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Being Smart About Smart Homes

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Being Smart About Smart Homes

For home buyers, smart gadgets and systems aren't just nice to have — the features are becoming necessities.


September 11, 2015
Photo: Roscol/Wikimedia Commons

Around the turn of the millennium, Bill Gates’ new home in Medina, Wash., was considered a marvel of automated home technology. Estimates of the cost of the home ranged from $60 million to more than $100 million, and it boasted automated controls for every system, from lighting and HVAC to media and security. News articles reported with amazement that as family members and guests wearing microchip pins moved about the house, lights and the music or video of their choice would go on as they arrived in a room and fade out in the room they had just left. (Photo: Roscol/Wikimedia Commons).

Now, many of the features in Gates’ manse are available to mere mortals—otherwise known as new-home buyers who are not the richest man on earth. Most of us are familiar with self-programming thermostats that adjust the heat and AC according to our routines. But new gadgets and systems are being introduced every day. There are HVAC systems that let you know when a window is open, so you’re not losing heating or air conditioning to the outdoors; flooring that breaks down airborne contaminants; a refrigerator with a built-in air purifier that destroys mold and bacteria every 20 minutes; and automatic watering systems that tap into local weather reports and turn themselves on and off as needed.

These are all fun things to think about, but the larger question for builders is, do buyers really want these products in their homes? And, more importantly, will they pay for them?

Apparently, the answer to both questions is yes.

Icontrol Networks, a software and product company in the security and connected home business, recently conducted an extensive consumer survey about smart homes, and the results are pretty interesting.

Here are some of the most salient numbers:

  • Overall, 54% percent of consumers are excited about the prospect of incorporating smart home features in their houses;
  • 90% say that security is one of the top reasons to purchase a smart home system;
  • 70% are interested in the potential savings from energy efficiency and monitoring;
  • Nearly 60% want the devices to operate on their own. Users don’t want to have to prompt the devices to action.

The survey also asked the respondents which smart home features they were most interested in having. At the top of the list was smart thermostats, followed by: doors that can be locked from a remote location; a master remote for all household preferences; home monitoring cameras; and automatic outdoor lighting.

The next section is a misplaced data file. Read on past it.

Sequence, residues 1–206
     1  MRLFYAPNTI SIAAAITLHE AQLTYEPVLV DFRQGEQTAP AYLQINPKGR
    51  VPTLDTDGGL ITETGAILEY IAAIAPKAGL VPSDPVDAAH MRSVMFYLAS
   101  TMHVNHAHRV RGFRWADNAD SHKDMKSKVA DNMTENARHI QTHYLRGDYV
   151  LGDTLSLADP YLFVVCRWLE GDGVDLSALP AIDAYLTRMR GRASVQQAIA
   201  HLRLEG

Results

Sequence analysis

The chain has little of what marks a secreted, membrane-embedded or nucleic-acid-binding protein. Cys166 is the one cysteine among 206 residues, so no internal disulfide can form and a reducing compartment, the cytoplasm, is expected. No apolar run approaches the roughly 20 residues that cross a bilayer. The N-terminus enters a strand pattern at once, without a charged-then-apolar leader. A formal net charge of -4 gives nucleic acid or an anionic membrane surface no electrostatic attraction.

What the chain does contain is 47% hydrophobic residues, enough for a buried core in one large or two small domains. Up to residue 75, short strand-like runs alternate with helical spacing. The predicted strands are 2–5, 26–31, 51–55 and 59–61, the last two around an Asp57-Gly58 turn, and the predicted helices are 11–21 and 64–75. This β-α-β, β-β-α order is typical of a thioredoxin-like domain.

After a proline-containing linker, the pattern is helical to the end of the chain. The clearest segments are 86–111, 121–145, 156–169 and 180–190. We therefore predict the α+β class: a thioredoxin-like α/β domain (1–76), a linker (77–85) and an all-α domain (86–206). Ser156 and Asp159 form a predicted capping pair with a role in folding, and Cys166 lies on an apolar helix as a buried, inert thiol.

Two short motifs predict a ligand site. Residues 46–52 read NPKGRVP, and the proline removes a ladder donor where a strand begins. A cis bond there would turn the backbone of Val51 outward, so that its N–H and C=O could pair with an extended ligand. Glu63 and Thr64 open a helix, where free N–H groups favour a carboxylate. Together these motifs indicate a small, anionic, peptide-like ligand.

And the paying-for-it part? In the Icontrol survey, 85% of Millennials said that they would pay extra for a smart home, with 10% of those saying they would pay $5,000 or more. However, the number of respondents who say they will pay for the systems goes down as their age goes up.

Another survey, this one of home builders by the Consumer Electronics Association, says that a growing number of builders are deciding to offer and install smart home technology because of its profit potential. Nearly one in three survey respondents reported an increase in revenue in 2014 as a result of these offerings.

In practice, I’ve heard from some builders that although they offer home technology features, many buyers still prefer upgraded cabinets and finishes as the way to spend their options and upgrade dollars. Based on how quickly the Internet of Things is taking hold in consumers’ consciousness, though, it seems that the tipping point between nice-to-have and must-have isn’t far away.

If you’re not already making smart home technology a part of your new homes, it’s time to start.

It would be a smart thing to do.

Written By
editorial director

Denise Dersin, editorial director of Professional Builder, Custom Builder, PRODUCTS, NKBA Innovation+Inspiration, and co-editor of Multifamily Design+Construction, has been in publishing as an editor and writer for 30 years and has worked in the housing industry for much of that time.

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